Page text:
Paul Taylor: Changing Dancers’ Lives for the Better
August 31, 2018
By Patrick Corbin, Assistant Professor of Practice
Today, a reporter for the Associated Press asked me what Paul Taylor meant to the dance world.
What didn’t Paul Taylor mean to the dance world?
Breaking the rules
Roz Loo, the daughter of Liz Walton, sent me a picture of Paul and Liz in an intimate cradle lift from the duet in his dance Aureole. Liz passed away earlier this year. The two of them seem to almost be kissing. Nothing extraordinary, right? Except for the fact that the publicity photo was taken around 1962 and Paul was a caucasian man and Liz was an African-American woman. So Paul was a radical civil rights commentator?
Yes, Paul Taylor was radical in a number of ways. He created dances to baroque music when the use of 20th century music was de rigueur. He covered dancers faces with Robert Rauschenberg masks about which Martha Graham famously said, “Naughty boy, we never cover their faces.” He paired walking, running, falling and simple rocking to Bach. He put a buffoonish group of KKK members in a comedy. Boy, did that anger the public. At a Q & A after a show a young man shouted “It’s dangerous!” to which Paul replied, “ART SHOULD BE DANGEROUS!”
There were no rules he wouldn’t break, no taste level that he wasn’t ready to push. Life with Paul meant that an artist could be high, middle and low-brow all at once, intellectual and visceral. An artist could evolve and keep making work even when people (critics) counted you out. Paul was obsessed with the human experience and it came through in the works’ nearly universal appeal. Even people who really hated him, people I actually heard say, “He’s the Devil” agree that Esplanade and Musical Offering are masterpieces.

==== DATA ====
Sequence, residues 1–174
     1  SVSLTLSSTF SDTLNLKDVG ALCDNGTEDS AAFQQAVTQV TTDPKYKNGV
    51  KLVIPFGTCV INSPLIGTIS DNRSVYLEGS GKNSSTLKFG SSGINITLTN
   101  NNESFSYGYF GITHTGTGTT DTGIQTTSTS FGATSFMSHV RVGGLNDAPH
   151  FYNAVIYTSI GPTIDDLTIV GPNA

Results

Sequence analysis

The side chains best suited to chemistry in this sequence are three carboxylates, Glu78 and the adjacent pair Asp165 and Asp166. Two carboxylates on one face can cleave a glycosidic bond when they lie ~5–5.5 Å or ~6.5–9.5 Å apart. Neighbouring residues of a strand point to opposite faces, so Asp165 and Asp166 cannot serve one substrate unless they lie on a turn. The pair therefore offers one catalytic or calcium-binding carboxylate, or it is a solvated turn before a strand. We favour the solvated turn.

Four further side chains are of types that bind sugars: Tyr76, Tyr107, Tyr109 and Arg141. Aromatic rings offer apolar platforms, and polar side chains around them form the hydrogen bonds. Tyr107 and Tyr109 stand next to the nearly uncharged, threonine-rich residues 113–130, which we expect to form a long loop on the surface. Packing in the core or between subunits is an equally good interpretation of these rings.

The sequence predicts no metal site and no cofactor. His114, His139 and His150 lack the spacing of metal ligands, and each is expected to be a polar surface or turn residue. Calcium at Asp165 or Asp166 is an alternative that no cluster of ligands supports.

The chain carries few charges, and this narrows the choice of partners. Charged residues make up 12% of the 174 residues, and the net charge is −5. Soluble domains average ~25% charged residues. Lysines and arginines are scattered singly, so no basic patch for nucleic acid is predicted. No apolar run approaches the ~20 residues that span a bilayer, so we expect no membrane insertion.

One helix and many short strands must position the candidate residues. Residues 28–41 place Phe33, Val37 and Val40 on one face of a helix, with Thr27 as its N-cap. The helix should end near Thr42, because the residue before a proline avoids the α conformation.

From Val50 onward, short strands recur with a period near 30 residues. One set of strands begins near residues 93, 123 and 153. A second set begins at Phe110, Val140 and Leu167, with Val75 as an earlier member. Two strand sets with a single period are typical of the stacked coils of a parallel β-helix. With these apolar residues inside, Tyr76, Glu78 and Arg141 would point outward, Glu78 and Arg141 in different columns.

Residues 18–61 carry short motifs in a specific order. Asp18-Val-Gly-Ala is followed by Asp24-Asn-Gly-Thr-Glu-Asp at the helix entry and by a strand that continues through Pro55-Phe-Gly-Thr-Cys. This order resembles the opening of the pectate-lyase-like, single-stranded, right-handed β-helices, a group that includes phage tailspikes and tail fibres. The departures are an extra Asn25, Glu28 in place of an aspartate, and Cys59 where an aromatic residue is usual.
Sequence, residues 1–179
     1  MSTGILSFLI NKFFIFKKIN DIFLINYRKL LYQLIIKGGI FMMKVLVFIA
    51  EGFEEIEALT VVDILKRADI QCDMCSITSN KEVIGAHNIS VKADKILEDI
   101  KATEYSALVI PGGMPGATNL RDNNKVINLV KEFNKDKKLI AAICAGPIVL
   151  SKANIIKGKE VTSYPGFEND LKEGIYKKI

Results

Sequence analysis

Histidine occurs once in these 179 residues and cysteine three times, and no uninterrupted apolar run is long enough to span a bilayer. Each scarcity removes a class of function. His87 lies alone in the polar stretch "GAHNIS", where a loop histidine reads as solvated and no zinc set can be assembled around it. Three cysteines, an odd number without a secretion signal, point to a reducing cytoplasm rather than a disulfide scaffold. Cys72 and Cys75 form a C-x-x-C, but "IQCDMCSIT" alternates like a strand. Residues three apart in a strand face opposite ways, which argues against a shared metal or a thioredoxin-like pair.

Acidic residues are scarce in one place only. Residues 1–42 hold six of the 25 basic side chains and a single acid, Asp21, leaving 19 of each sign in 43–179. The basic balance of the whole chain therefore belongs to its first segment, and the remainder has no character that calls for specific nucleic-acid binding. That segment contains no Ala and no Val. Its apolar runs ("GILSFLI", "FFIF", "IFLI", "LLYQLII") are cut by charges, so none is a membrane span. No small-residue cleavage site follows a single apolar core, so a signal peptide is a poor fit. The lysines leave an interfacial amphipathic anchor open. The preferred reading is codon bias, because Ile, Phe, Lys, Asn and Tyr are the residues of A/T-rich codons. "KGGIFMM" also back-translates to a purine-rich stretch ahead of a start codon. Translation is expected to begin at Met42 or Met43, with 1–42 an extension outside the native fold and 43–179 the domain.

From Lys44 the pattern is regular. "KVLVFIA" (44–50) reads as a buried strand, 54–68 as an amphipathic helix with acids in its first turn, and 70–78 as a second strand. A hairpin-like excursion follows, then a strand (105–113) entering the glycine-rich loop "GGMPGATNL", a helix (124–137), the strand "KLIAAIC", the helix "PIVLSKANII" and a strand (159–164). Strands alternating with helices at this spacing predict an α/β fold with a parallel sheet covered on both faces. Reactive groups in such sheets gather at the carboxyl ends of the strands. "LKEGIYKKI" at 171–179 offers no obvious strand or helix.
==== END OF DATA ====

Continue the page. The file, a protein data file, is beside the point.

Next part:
Serving a vital function
Paul’s work also serves a vital function in the repertory of companies, especially ballet companies. Often, Paul’s dances are a lifeline of sorts for dancers who may not fit the ballet mold or dancers who are pigeonholed as specific types. The work becomes a lifeline to happiness by creating opportunities for these dancers to move through space with abandon, confidence and joy. Otherwise many of these wonderful dancers may be overlooked or relegated to a lifetime in the corps de ballet.
It was such a lifeline for me when I was a ballet dancer. Paul changed my life for the better the moment I took my first step into a Taylor dance on my first day at the Joffrey Ballet. That first step launched me into an extraordinary life. Dancers from all over are reaching out to me to say how much Paul’s work means to them. Of the many things that Paul Taylor means to the dance world, the pure joy of dancing for dancers is paramount. He is still changing dancers’ lives for the better. I think he always will.
I am grateful that I have the opportunity to introduce a new generation of dancers to his wonderful work. It is so fitting that our USC Kaufman students are going to be dancing the last section of Esplanade this year. To watch them literally dive into the process has been nothing short of thrilling. They are amazing doing this amazing work. Long live Paul Taylor!